ZURICH, SWITZERLAND — Net profit dropped for Barry Callebaut in the six months ended Feb. 29 even though sales grew and the company outperformed the global chocolate market.
Net profit of 175.1 million Swiss francs ($193.1 million) over the six-month period compared to 200.2 million Swiss francs in the same time period of the previous year. Revenue increased to 2,476.9 million Swiss francs ($2,731.9 million) from CHF2,404 million, and volume increased to 699,058 tonnes from 655,065 tonnes.
Net profit from continuing operations declined due to lower EBIT, higher financing costs related to the bond placement in the summer of 2011 as well as a less favorable tax mix, according to Barry Callebaut.
“After an anticipated slow start in Q1, we gained momentum in Q2, in all regions and across all product groups,” said Juergen Steinemann, Chief executive officer of Zurich-based Barry Callebaut. “Once again, we outpaced the global chocolate market. Several major new partnership deals were signed, confirming an important part of our business model. In the last six months, we initiated selective investments in our future growth. This temporarily affected our bottom-line results.”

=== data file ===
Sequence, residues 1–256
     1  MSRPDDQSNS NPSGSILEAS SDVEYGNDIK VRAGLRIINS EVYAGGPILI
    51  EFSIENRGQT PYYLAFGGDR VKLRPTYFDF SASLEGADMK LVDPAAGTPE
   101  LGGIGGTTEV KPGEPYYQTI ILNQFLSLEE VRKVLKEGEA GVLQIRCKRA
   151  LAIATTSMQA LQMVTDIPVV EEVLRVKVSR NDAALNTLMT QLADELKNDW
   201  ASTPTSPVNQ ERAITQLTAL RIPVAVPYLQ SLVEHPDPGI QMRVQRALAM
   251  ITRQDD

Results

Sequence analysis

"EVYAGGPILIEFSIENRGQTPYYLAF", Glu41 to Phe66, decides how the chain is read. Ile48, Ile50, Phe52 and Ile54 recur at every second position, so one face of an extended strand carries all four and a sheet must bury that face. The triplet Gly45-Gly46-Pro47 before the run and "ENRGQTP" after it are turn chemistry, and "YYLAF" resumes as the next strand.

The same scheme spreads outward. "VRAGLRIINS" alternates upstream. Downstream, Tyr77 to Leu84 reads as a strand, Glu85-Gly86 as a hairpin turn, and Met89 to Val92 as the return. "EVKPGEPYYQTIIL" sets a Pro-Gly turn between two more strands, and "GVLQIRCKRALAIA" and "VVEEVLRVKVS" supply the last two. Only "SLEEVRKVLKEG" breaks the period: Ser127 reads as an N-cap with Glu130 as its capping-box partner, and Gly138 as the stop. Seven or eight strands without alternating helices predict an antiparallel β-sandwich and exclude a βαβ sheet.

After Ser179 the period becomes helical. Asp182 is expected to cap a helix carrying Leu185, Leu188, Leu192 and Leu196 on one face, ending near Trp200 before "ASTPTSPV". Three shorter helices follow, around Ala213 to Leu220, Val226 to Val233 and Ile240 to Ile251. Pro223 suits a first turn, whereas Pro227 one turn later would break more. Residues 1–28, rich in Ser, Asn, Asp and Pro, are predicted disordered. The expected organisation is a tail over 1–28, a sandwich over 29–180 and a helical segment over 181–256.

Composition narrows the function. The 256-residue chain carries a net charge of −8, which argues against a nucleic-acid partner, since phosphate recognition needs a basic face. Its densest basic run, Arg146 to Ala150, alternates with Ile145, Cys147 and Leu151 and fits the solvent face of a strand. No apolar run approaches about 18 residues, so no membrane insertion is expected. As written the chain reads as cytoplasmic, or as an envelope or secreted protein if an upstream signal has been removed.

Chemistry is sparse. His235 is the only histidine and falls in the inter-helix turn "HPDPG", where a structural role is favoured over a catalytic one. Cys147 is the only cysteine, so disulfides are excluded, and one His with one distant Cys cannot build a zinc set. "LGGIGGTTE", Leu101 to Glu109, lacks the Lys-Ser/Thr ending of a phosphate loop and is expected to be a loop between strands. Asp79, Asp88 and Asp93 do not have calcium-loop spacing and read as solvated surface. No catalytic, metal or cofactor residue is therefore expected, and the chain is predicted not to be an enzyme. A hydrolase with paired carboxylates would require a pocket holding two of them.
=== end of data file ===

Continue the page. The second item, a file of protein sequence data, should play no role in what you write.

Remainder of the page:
In the United States, the chocolate confectionery market decreased 2%. Barry Callebaut maintained its double-digit growth momentum in the Americas region. Sales volumes grew at 19% to 176,898 tonnes. In North America both corporate as well as national accounts and the gourmet business showed double-digit growth rates.
A good start to the cocoa crop in the 2011-12 season as well as a well-stocked industry caused cocoa terminal market prices to move continuously downwards during the six-month period, according to Barry Callebaut. Better-than-expected sugar crops in Russia and Brazil combined with exports from India led to a surplus on the world sugar market.